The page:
Will the announcement from Apple to support HEVC change the game?

At the Apple Worldwide Developers Conference (WWDC17) yesterday they announced support of HEVC in macOS and iOS as well as HTTP Live Streaming (HLS).

Will this announcement change the game around future codecs?

Currently, we have 3 patent pools claiming royalties for using HEVC. MPEG LA (including amongst others Apple), HEVC Advance and lately Velos Media with patents from for example Ericsson and Sony. On top of this, we have royalties to Technicolor, a former member of HEVC Advance pool that later withdrew.

All the above patent pools and royalty claim makes HEVC very complicated and expensive to use.

An alternative codec is VP9, an open and royalty free video coding format developed by Google. In a head to head comparison between two HEVC encoders and VP9 presented by Jan Ozer at Streaming Media East May 2017 he concluded that “VP9 and both HEVC codecs produce very similar performance”. VP9 is used by for example Netflix in their mobile strategy to reduce bandwidth, as well as by most the YouTube high-quality videos.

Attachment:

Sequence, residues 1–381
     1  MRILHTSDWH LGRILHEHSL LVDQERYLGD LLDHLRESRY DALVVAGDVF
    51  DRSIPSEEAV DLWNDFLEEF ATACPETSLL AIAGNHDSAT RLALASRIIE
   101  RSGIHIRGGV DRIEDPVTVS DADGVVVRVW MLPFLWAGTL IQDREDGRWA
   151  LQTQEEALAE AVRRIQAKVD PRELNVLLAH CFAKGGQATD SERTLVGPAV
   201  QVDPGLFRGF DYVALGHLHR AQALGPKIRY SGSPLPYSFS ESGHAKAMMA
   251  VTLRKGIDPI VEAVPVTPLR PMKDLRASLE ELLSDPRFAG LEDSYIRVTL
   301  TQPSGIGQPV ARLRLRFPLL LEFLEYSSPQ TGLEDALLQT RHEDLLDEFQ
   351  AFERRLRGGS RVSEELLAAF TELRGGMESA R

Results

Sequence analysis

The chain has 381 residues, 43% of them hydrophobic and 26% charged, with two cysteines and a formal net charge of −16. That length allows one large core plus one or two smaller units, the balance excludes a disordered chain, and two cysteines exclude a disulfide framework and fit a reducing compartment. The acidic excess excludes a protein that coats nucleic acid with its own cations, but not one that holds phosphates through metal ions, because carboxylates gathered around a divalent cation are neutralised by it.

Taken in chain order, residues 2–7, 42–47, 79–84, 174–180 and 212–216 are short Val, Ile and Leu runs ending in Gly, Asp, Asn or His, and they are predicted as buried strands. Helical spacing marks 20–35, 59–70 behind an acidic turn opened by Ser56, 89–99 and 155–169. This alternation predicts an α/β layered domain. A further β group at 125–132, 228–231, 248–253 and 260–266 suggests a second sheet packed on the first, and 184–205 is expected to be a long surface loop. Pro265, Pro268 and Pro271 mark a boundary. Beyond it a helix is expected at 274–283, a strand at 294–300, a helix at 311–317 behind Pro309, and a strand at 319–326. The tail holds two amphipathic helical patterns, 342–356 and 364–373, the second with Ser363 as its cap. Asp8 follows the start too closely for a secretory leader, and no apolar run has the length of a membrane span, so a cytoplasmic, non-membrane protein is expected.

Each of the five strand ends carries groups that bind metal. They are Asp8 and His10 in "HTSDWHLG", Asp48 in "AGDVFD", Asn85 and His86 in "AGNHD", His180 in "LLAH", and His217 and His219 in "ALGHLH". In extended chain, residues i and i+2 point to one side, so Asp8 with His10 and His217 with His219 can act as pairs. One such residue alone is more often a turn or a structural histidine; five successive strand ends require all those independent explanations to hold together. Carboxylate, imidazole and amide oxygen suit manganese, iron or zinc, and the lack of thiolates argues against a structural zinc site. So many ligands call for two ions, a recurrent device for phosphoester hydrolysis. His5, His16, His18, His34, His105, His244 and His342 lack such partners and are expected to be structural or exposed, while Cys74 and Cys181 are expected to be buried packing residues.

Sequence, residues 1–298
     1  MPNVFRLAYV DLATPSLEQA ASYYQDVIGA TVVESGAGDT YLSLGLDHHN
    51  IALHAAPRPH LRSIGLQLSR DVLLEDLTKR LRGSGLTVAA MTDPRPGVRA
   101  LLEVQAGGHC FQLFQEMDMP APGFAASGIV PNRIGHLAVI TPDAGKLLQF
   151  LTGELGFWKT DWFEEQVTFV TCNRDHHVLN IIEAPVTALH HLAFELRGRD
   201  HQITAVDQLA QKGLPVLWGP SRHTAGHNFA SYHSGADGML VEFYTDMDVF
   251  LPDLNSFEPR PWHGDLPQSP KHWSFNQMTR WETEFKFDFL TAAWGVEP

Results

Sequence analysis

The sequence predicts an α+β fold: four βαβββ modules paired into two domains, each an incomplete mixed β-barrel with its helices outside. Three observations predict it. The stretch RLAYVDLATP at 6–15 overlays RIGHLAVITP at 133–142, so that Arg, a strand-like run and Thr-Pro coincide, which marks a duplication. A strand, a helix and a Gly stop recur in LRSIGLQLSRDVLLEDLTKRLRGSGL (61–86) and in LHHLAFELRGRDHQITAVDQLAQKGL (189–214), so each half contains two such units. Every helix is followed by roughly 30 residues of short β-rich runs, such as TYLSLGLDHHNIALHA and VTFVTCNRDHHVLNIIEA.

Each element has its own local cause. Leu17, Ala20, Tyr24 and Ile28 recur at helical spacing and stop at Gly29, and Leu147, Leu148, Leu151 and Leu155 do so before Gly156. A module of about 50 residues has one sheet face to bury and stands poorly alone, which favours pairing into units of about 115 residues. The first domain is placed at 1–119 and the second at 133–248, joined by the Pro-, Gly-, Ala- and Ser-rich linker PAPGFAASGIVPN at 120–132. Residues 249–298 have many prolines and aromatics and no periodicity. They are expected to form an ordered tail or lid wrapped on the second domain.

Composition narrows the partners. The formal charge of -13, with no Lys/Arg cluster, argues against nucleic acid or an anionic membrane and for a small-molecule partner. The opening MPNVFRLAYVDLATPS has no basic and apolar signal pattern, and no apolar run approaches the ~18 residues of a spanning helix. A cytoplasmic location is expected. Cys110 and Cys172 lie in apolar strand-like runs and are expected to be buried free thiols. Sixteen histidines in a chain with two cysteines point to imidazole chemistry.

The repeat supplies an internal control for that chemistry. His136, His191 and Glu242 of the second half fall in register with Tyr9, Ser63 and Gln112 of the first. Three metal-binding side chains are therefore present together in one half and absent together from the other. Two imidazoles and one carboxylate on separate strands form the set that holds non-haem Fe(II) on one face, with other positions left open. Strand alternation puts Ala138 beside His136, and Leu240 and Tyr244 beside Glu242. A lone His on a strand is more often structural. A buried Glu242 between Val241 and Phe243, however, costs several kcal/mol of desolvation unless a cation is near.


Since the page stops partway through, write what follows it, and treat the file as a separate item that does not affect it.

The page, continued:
Coming up next, we have the first codec released by the Alliance for Open Media. AV1 will replace VP9 and be another alternative to HEVC. The Alliance for Open Media is founded by leading Internet companies and founding members are Amazon, Cisco, Google, Intel, Microsoft, Mozilla, and Netflix.

Bitstream freeze of AV1 is scheduled for the end of 2017 and browser support will come close to this date. Google claims that AV1 is 35% more efficient than VP9 while Netflix stated during NAB 2017 that they see around 20% better efficiency.

According to encoding.com’s Global Media Format Report 2017, HEVC dropped over 50% from last year, from 6% to 3% of the total codec market, while VP9 made a strong debut with 11%.

So, will the announcement from Apple change the game? That Apple would support HEVC was not a huge surprise. 4K, UHD, HDR and improved video quality put a demand on more efficient encoders. As Apple has a long history of not supporting the VPx codec, and the fact that Apple is part of one of the HEVC patents pools, HEVC was a natural choice. But is it too late?

I would still put a majority of my bets on AV1 as the future codec. But the latest announcement put some additional pressure on Alliance for Open Media.

Magnus Svensson is a Media Solution Consultant and partner at Eyevinn Technology. A Swedish consultancy company specialized in streaming, VR, and gaming.

Follow me on Twitter (@svensson00) for regular updates and news.

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